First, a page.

The latest report from the IPCC finds extreme weather events are more common and more severe than in the past, and that human activities are undoubtedly fuelling climate change. Without stronger action to reduce greenhouse gas emissions, global heating will roughly triple by the end of the century.
Climate change already damages human health and wellbeing, including in New Zealand.
This article places the new report in the New Zealand context, highlighting public health impacts as well as policy pathways for both adapting to, and mitigating the current and future impacts of climate change.
The latest synthesis report from the IPCC, published today, summarises the state of knowledge of climate change, its widespread impacts and risks, and the need for climate change mitigation and adaptation. It is aimed squarely at policymakers and draws on the latest research detailed in Sixth Assessment reports.
Global greenhouse emissions have risen faster since 2000 than ever before, though the rate of increase has slowed in the last decade. There have been improvements in energy and carbon efficiency but these have been outweighed by increased consumption of goods and other polluting activities.
We are more certain than ever before of increases in extreme events such as heatwaves, extraordinary rainfall and tropical cyclones, and, notably, there is also increased confidence in attribution: it is most unlikely these extremes would have occurred without human-induced climate change.
Implications for Aotearoa New Zealand
Aotearoa New Zealand (NZ) will not escape this warming future unscathed. Water-borne and water-related health risks are a particular challenge in New Zealand, and will be amplified considerably by projected climate change. Examples include diarrheal diseases due to contamination of drinking water supplies.1
In language that will ring true to New Zealanders following the recent unprecedented flooding events in January and February this year, the IPCC notes that:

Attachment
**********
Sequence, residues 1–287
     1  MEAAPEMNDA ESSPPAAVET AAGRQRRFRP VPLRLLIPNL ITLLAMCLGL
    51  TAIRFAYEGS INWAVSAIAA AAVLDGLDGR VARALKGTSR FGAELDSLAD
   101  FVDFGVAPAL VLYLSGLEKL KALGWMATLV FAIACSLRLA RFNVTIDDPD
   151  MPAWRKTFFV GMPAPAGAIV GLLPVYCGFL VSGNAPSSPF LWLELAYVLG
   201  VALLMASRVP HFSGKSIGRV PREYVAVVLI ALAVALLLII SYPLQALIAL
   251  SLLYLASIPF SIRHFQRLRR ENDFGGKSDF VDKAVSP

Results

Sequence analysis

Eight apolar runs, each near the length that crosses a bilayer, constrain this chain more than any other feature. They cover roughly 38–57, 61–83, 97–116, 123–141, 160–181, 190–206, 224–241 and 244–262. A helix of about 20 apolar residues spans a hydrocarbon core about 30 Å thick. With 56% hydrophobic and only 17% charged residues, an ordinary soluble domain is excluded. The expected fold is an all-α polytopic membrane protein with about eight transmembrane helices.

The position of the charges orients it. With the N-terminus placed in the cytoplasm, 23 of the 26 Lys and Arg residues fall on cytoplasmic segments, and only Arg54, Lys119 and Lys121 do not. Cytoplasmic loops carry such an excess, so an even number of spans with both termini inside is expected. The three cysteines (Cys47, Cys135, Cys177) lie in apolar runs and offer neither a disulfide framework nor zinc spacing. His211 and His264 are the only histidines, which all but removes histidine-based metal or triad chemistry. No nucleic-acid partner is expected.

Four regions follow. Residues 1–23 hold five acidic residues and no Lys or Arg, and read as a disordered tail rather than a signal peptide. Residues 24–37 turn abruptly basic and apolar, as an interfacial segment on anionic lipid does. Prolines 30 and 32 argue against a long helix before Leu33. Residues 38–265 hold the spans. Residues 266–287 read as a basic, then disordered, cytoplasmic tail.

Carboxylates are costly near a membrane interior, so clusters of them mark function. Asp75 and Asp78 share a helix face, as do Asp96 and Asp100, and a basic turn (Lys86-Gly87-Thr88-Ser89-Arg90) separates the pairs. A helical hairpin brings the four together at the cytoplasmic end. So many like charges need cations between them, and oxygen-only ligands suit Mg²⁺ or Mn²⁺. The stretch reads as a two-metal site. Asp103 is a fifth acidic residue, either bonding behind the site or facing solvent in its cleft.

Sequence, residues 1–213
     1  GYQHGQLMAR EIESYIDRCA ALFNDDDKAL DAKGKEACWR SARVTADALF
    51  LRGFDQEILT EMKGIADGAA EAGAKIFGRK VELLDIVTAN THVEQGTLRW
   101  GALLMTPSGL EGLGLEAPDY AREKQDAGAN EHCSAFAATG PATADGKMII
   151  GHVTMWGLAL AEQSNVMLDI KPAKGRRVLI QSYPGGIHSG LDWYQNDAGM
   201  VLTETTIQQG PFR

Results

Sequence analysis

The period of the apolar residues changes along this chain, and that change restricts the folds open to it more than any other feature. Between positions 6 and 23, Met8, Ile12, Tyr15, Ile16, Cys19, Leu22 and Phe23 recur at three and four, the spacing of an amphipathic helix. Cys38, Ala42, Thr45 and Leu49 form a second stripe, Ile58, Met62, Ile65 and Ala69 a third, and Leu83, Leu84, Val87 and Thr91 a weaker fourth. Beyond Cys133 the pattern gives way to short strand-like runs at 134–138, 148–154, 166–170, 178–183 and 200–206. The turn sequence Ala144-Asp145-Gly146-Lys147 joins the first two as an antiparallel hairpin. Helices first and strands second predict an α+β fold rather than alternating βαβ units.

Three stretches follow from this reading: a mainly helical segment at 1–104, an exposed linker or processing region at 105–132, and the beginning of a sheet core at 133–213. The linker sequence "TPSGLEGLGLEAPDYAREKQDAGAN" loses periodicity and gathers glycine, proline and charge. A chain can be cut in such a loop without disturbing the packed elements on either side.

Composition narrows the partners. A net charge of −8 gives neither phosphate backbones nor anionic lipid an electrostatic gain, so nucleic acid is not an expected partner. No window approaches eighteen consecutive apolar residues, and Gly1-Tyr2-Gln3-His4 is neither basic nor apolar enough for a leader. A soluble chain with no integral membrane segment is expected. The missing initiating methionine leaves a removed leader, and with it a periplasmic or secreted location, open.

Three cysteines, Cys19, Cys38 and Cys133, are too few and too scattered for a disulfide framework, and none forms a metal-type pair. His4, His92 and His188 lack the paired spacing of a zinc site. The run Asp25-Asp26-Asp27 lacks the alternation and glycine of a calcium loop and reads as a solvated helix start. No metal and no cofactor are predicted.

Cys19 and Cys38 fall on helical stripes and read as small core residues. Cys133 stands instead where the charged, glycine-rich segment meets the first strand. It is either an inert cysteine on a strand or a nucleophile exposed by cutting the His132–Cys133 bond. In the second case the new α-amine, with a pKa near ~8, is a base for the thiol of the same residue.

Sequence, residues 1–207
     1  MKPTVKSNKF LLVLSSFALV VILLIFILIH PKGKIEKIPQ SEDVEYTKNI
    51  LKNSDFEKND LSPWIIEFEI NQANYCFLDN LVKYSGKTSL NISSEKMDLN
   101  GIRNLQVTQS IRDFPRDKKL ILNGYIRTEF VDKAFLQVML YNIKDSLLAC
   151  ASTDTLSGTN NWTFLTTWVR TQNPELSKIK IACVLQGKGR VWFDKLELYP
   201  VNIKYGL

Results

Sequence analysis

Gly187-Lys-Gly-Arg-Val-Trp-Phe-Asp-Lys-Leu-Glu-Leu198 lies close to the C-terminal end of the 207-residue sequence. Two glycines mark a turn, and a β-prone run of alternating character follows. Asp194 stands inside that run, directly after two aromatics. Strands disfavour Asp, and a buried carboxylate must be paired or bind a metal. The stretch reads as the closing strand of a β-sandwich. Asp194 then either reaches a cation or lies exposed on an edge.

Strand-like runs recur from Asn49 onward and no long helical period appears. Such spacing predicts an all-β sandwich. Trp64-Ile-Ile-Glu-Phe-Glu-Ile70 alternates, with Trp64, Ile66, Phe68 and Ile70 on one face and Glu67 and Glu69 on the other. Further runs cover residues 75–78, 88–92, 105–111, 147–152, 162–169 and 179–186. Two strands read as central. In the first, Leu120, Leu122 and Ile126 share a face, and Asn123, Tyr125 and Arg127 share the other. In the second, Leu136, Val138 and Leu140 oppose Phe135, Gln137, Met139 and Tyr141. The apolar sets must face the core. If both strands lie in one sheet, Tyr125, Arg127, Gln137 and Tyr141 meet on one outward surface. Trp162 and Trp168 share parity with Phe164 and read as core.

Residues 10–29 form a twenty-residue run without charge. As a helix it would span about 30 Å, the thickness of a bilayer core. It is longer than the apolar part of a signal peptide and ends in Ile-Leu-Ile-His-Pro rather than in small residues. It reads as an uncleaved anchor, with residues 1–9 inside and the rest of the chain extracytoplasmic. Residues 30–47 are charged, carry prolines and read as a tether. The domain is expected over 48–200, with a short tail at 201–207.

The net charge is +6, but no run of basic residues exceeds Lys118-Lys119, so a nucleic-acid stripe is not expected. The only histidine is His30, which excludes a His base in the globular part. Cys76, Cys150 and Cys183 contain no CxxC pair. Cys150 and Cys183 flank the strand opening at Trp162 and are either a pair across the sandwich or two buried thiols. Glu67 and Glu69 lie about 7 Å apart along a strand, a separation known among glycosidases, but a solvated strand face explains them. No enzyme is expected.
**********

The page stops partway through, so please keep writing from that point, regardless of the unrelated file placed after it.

Individual livelihoods have been affected through … destruction of homes and infrastructure, and loss of property and income, human health and food security, with adverse effects on gender and social equity.
Notably, mental health challenges are highlighted in the Assessment Report more strongly than before, and these are highly relevant in NZ. Both extreme events and the steady grind of slow onset climate change diminish mental well-being. The NZ College of Clinical Psychologists has previously warned that myriad physical and social impacts of climate change can cause psychological stress and trauma, “which can lead to debilitating mental health problems and reduce the ability of the wider health system to provide mental health services.”
We need adaption and mitigation
Adaptation is critical, and we should be planning for worst plausible outcomes in the longer term, not just the most likely events in the immediate future. This adaptation will be challenged by the severity of climate extremes, and the increased frequency of cascading disasters.
But we must not give up on mitigation. There are a number of different reasons for this:
- Firstly there is the moral argument. A rich, high-emitting country like NZ should be leading not following.
- Secondly mitigation is in our national self-interest. Continuing ‘business as usual’ could lead to global heating by 2100 that may be three times or more what we have seen so far. In this scenario, recent storms and floods would be commonplace later this century.